State funds not out of the question for city's requests

Port Orchard’s agenda for the 2012 legislative session includes controversial topics including medical marijuana laws, getting money from the state’s already tight budget and changing public records laws.

But Briahna Taylor, the city’s lobbyist to the state legislature, thinks the city has a decent chance of getting at least some of what it’s asking for, she said at City Council's work study session, Tuesday.

The state’s budget has been stretched, she said, but not in ways that would prohibit Port Orchard from getting funding.

The legislature will need to deal with a $1.4 million budget shortfall for the next biennium, she said, but it’s mostly in its operating budget.

“For the most part, our largest interest is in the capital and transportation budgets,” she said. “In those two budgets we have something else going on.”

For those budgets, the legislature plans to propose revenue packages for upcoming ballots, she said.

Legislators plan to put a transportation revenue package on the ballot for November 2012, and Taylor hopes to get a funding request for improvements on Tremont Street in that package.

“We are putting in that request in light of the fact that a transportation package is being put together,” she said.

Port Orchard’s city council also requested that the lobbying firm encourage the state legislature to ask federal lawmakers to clarify their stance on the legality of medical marijuana.

The vague state laws about the issue, currently contradict federal laws.

“I think what the congress needs is a group of states saying, ‘We need something on this one way or another,” Port Orchard’s Mayor, Lary Coppola said.

Several city councilmen agreed that this was a good idea.

“You could start this at the local level, with a joint resolution to the feds,” said Councilwoman Carolyn Powers. “It could go from Washington state to our national leaders.”

Taylor said she’d research the issue.

She thinks, though, that it would be a better idea to avoid the letter, and focus on encouraging state lawmakers to clarify the state’s vague medical marijuana statutes, instead.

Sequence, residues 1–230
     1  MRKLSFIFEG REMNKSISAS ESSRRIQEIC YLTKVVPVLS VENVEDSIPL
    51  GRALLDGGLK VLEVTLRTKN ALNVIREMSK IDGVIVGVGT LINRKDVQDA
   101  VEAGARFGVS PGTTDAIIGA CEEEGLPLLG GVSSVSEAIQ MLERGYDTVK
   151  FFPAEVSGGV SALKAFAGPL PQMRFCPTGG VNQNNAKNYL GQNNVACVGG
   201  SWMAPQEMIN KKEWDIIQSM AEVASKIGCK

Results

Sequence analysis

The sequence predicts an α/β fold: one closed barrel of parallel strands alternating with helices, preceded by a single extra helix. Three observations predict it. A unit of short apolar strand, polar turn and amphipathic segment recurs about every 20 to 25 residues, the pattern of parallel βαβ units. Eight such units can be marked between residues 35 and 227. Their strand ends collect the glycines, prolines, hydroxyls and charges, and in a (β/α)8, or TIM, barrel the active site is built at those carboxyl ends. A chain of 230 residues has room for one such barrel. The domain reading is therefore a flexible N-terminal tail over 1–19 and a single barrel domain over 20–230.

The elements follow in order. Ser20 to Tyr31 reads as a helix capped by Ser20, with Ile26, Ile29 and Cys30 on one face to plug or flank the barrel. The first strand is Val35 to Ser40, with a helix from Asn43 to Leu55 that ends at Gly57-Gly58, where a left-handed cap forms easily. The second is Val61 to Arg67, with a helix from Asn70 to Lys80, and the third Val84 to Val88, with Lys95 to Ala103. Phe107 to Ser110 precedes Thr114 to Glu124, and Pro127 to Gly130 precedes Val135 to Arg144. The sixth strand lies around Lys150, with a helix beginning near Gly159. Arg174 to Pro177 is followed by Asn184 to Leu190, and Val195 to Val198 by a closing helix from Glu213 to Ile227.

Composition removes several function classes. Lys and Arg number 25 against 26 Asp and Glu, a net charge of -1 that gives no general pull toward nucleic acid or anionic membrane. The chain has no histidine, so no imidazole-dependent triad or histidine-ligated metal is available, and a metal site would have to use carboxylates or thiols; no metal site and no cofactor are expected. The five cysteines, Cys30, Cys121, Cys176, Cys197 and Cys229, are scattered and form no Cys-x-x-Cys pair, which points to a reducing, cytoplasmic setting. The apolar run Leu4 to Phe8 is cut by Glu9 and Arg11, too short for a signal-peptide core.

By focusing on the federal issue, she said, she might be less effective in lobbying for the state issue.

Also during this legislative session, Taylor, and the Association of Washington Cities, hope to make progress at changing public records laws and laws regarding meeting notifications.

In order to meet sufficient notification requirements, the city has had to wait 21 days, in the past, between when they announce that they plan to take action on a business item, and when they actually act, because of the city’s meeting schedule and the newspaper’s publication schedule.

“Because of the notification schedule and the lag between when you all take action and when it can appear in a newspaper, it actually slows down or creates an inefficient process,” Taylor told the city council Tuesday. “We are working with the newspaper lobbying group to try to come to an agreement that allows open access and clear notification but also more efficient processes.”

Last year, the Association of Washington Cities, suggested that the state create a database for all of the notifications to be published.

“The problem with that is it takes a lot of business away from newspapers,” Taylor said. “We’re looking at something not as ambitious this year, in light of (opposition from lobbying groups) we faced last year.”

The city of Port Orchard would also like to change public records laws, so that they are held less liable if they fail to produce a piece of documentation requested by a member of the public.

In some cities, including Prosser, the current laws have created major problems.

A Prosser resident has made a full-time job of thinking of obscure public records requests, and collecting money when the city fails to produce them, Coppola said.

The city currently has “a $1 million situation” because of it, he said, and Port Orchard hopes to avoid similar problems.

These lobbying issues will be the second set, in recent memory, brought to the state legislature from the city of Port Orchard by a professional lobbyist.

The city hired Taylor, through Gordon Thomas Honeywell Governmental Affairs, to represent the city at the legislature for an introductory rate of $2,500 per month last year.

During her time at the legislature, $700,000 was secured to fix the local DeKalb Street Pier, and she touted the funding as a major accomplishment of her time at the legislature.

This year, the city re-hired her for $3,000 per month, less than what many of the firm’s clients pay.

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